The Simm Master was the first to inherit his debut look from his predecessor. However, he soon took on a plain suit with ominous black tie for his Harold Saxon persona. Vying to get elected Prime Minister, it isn’t surprising he adopted such a unremarkable style. His first ensemble oozes charm, stability and trustworthiness. Things got more interesting later. The half-dead and all-crazed Master made a bold statement with tattered hoodie and bleached blonde hair. For his imminent return, however, we’ve clocked a stylish black number not unlike his Delgado jacket. His comeback look features a beard very reminiscent of early incarnations and greying hair speaks to many adventures since his blonde phase. Luckily, the Simm Master has regained the laser screwdriver which was a staple of the incarnation to call back to old times.
Which brings us right up to date with The Master’s most daring look yet. The first Master to incorporate a woman’s body (though, oddly, not the first to have breasts) meant it was all change in the wardrobe. The Gomez incarnation (better known as ‘Missy’ for now-defunct dramatic reveal purposes) has been described as ‘Master Poppins’ for her signature umbrella and Victorian Nanny chic. She wore her hair up most often and set the style off rakishly with a selection of boater hats. Her main look comprised of a starched purple blouse, high-waisted skirt and brooch made of a dark star alloy. She was also the second Master to speak with an non-English accent, adopting a Scottish brogue that mirrored the Doctor’s current incarnation. After being imprisoned in the Vault for many decades, she began wearing her hair looser and occasionally sported driving gloves for TARDIS trips.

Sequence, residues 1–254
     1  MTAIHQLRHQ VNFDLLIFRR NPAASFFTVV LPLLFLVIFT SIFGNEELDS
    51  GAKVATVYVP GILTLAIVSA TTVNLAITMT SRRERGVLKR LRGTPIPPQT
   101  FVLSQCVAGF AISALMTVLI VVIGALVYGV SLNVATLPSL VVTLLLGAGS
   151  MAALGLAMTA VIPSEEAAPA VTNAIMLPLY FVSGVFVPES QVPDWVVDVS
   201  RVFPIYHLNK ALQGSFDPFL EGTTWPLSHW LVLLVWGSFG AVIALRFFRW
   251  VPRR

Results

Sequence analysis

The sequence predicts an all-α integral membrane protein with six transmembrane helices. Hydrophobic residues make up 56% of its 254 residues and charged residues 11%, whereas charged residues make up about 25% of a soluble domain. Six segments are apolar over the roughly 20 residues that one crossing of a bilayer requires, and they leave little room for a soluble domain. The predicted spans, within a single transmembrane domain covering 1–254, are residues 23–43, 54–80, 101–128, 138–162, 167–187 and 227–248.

Bonus: That Snake!
That snake! Technically it’s a Deathworm Morphant, native to the planet Skaro. When executed by the Daleks, which is never a good look, the Master narrowly avoids extermination by taking over a passing creature. This version of the Master rocks a classic snake look with head, tail, teeth, vomeronasal and ability to shapeshift into a puddle of goo. Last seen following Eric Roberts home and forcing himself down the man’s throat. That came out wrong.